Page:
Activist defector sends message of freedom
And with the South Korean government’s pledge to resume psychological operations against Pyongyang in the wake of the Cheonan attack, the group will have its hands full.
“Only a while ago, we had officials from the Unification Ministry telling us to refrain from sending leaflets,” said Park Sang-hak, head of the civic group. “But I guess the government stance has changed since.”
The JoongAng Ilbo interviewed Park, 42, on Wednesday, the same day he was visited by two Defense Ministry officials handling psychological operations. Park - an old hand at these interrogations, having been questioned by police a dozen times during previous administrations whose policy was to engage North Korea - was grilled about who wrote the messages on the leaflets, and how the group was printing them.
Park’s group’s most recent propaganda drop was May 20, the same day that a multinational team of investigators released their report concluding that North Korea had attacked the Cheonan.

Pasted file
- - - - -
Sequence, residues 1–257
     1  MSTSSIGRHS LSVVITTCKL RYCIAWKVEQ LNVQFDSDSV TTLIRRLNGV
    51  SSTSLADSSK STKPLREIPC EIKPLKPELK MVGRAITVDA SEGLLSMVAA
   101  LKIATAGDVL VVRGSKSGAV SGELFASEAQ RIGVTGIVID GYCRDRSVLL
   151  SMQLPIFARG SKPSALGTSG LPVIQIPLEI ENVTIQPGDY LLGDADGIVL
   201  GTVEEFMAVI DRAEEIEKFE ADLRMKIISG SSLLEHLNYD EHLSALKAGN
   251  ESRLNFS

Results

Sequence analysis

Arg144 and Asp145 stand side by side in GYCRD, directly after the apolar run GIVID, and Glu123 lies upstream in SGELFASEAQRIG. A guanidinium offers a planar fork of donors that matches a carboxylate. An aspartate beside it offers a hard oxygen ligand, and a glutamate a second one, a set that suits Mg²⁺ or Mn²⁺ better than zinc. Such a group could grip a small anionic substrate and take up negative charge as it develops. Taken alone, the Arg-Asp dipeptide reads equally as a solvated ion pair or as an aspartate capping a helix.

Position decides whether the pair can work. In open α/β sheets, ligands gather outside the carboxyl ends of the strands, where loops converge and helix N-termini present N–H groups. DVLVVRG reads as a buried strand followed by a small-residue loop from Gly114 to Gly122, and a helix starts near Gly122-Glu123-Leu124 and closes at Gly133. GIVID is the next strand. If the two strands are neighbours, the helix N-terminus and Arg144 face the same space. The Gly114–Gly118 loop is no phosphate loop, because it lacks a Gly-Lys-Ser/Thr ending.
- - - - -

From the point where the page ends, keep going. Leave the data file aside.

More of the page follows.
The leaflet titled “The Cheonan Warriors, the Republic of Korea Will Take Revenge” read that, “Kim Jong-il, the main instigator of treason, slaughter, invasion and terrorism, blew up the Cheonan.”
Park, a North Korean defector who came here in 2000, said he began producing and sending propaganda messages in 2004. The messages are flown to the North in hydrogen-filled advertising balloons, each 12 meters (39 feet) long and 2 meters wide. Park said each balloon can contain up to three bundles of leaflets, and each bundle contains 30,000 leaflets.
The bundles are separated from the balloon at different times. Park explained that the first one drops about an hour into the flight, while the last can be in the air for up to five hours after the balloon leaves Paju, Gyeonggi, before falling near Pyongyang.
It costs about 5 million won ($3,990) to send out 100,000 leaflets, Park said, adding that membership dues from two U.S.-based bodies - the North Korea Freedom Coalition and the Defense Forum Foundation - help cover the expenses.
Park said he got involved with the work because he believed the civic sector needed to step in after the two Korean governments agreed in 2004 to stop propaganda activities.
“If the North Korean people learn the truth through our messages and mount the fight against the North Korean regime, that would scare Kim Jong-il the most,” he said.
“I will deliver the message of freedom until North Korea gets its act together.”
By Kang Ki-heon [firstname.lastname@example.org]